Furious and afraid, Harriet Shetler and Beverly Young met for lunch one day in 1977 at the old Cuba Club in Madison. That lunch between two mothers worried about their mentally ill sons resulted in a national movement that would bring solace, facts and practical assistance to the mentally ill and their families.

Shetler, 92, who loved the printed word and worked as an editor and reporter, was one of a dozen founders in Madison of the Alliance for the Mentally Ill and, in 1979, the National Alliance for the Mentally Ill, now called the National Alliance on Mental Illness (NAMI). She died Tuesday, a week after the death of her husband of 67 years, Charles, 91.

The group blossomed into a national advocacy group controlled by parents and relatives of the mentally ill, described as "the voice of reason on mental illness," and operating in more than 1,100 communities.

Shetler and her husband, Charles, moved to Madison in 1966 when he was appointed librarian at the state Historical Society. Their daughter had just graduated college and their son was just beginning classes at UW-Madison.

"(Young and Shetler) were two women grieving over their personal associations with their sons, and they decided to get together, to pull together a meeting of local groups with similar interests in Wisconsin," recalled Shetler's daughter, Jane S. Ross.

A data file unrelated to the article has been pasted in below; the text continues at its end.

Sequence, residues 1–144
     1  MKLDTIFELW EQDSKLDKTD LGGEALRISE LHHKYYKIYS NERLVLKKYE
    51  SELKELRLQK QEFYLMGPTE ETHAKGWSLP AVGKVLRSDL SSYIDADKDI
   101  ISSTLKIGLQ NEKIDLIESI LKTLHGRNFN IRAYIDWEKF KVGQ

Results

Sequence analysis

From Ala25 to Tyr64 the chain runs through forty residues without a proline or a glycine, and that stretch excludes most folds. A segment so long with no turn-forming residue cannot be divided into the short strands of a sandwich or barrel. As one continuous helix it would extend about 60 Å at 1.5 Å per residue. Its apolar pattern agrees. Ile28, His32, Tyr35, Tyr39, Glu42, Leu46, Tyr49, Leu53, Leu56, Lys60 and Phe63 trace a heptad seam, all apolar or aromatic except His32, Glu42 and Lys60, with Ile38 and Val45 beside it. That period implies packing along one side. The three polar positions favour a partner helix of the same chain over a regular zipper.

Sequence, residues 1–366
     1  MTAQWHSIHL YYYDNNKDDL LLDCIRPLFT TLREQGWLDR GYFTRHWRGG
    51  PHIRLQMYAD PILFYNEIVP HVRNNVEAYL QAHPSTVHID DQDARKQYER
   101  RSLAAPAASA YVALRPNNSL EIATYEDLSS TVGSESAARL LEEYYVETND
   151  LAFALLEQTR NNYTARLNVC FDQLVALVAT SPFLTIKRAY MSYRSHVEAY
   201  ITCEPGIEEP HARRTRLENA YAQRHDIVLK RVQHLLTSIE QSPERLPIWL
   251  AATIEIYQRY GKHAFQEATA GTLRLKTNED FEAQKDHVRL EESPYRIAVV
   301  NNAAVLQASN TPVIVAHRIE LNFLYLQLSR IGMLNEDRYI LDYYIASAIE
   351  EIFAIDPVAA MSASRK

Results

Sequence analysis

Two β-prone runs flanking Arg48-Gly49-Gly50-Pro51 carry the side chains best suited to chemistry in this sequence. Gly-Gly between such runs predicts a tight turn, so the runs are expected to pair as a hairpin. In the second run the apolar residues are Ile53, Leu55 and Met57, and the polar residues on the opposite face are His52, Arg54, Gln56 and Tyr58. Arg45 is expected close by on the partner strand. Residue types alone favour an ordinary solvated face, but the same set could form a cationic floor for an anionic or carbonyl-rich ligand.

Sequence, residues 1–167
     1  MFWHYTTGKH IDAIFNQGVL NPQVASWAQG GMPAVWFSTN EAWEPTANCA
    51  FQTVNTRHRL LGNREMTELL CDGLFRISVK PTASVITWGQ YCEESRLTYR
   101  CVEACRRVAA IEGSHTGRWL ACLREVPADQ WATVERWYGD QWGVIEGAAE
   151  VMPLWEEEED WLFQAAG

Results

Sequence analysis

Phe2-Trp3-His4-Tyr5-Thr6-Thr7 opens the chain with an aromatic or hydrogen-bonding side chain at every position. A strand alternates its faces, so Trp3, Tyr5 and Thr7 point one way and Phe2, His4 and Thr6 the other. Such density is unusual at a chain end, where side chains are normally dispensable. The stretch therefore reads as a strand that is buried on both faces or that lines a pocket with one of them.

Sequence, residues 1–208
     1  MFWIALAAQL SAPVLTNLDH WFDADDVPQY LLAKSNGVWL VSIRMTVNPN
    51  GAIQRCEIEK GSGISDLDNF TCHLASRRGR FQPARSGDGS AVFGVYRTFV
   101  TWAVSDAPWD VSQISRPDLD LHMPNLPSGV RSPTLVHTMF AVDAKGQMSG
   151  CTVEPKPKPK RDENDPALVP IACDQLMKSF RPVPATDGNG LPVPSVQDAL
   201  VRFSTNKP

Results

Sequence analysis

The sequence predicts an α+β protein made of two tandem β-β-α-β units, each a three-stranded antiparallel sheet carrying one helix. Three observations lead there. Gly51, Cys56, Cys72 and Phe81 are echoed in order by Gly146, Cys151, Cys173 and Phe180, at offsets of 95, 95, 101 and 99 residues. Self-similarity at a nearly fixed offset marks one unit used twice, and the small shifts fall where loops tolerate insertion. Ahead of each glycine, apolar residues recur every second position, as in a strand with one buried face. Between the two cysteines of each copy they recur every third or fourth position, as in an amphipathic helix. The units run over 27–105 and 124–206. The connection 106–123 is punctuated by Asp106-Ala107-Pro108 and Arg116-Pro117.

The two women were honored among the State Journal's "Ten Who Made a Difference" in 2004 for their contributions to improving the treatment of the mentally ill.

In a letter to the editor in 1993, Shetler explained her group's mission: "We are trying to change, one person at a time, society's attitudes toward mental illness. We are trying to level the playing field to improve job opportunities, access to housing and the chance to live in the community instead of being warehoused in an institution."

Shetler, who worked as an editor for UW Extension, was always interested in words and writing, Ross said. She was a 30-year member of University League Book Critics, which was founded on her front porch.

Survivors include Ross, and a son, Charles.

A memorial service for Harriet and Charles Shetler will be at 2 p.m. Saturday at First Congregational Church, 1609 University Avenue, at the corner of Breese Terrace.

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